The assumption that a character’s LGBTQ identity would be a surprise, or the entire story, comes, in part, from assumptions about who the audience is. Tu and Low want queer listeners to feel like this podcast is for them, “Buzzfeed’s podcast Another Round, they don’t make it for a straight white audience, they make it for the black community. And they don’t define everything for them,” Tu told me, murmuring that she hopes to live by that example on Nancy. As the interview ended, I pressed them for more specificity about what the show will be. Tu was amused: “When I tell a straight person that it’s a queer podcast, they don’t ask any more questions. But if I tell a queer person that they’re like oh what are you covering? It’s kind of a weird experience at this conference,” she said, “It’s fun, you should try it.”

    Cher Vincent and James T. Green of "Open Ended Project" from the Postloudness Collective
    Cher Vincent and James T. Green of “Open Ended” from the Postloudness Collective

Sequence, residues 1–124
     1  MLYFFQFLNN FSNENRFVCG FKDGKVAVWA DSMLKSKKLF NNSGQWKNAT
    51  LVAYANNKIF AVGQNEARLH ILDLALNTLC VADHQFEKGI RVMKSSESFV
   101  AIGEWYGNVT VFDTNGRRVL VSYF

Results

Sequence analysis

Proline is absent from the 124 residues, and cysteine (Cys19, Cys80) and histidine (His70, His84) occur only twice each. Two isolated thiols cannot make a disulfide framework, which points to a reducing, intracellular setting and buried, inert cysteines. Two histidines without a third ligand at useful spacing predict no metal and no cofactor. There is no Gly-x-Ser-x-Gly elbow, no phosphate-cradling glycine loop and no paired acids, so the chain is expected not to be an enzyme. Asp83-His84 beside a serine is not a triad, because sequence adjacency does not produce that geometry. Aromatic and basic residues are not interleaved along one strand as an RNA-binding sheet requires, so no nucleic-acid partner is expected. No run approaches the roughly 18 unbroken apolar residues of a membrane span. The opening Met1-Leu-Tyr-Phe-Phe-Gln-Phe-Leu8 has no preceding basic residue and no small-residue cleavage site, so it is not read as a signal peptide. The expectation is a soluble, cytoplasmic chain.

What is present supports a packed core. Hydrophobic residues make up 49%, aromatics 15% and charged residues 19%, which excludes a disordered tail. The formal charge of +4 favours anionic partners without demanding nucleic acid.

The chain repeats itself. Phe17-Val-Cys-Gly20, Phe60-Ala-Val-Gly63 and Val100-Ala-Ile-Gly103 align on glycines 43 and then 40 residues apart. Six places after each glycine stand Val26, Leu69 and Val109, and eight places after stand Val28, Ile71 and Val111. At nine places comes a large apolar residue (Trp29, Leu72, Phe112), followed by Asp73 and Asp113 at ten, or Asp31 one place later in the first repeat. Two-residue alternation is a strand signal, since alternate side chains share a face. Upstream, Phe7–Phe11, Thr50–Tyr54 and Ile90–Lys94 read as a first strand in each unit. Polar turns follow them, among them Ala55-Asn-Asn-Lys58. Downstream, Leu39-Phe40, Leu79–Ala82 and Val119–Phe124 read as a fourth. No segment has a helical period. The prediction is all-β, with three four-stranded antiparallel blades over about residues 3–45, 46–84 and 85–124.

Postloudness is a Chicago-based podcast collective that highlights the voices of queer people, women, and people of color without forcing them into a box. Cher Vincent explained how the collective blossomed from a podcast called Open Ended, which she co-hosts with James T. Green. Green and Vincent are both black, and Green is queer, and while these aspects of their identities certainly matter for the show, that’s not what it’s about. Vincent says that they when they conceived the collective, they wanted not only to highlight voices like their own, but also to give them as much freedom as possible. In February they began consciously working on creating a “space where [people of color, women, and queer people] can be themselves and not have the hat of queer show or a black show or a person of color show.” Open Ended, for example, is “about the humanity within technology.” A popular recent episode featured Vincent’s own struggle to retrieve her cellphone after she left it on the bus, telling the story through dramatic reenactment and complex sound design.  Other shows include Roboism, about the intersection between feminism and robots,  covering everything from Siri to the film Ex Machina; and Devil’s Avocado, a show about personal finance, with episodes including #NotallDept, explaining the merits and defaults of different kinds of dept.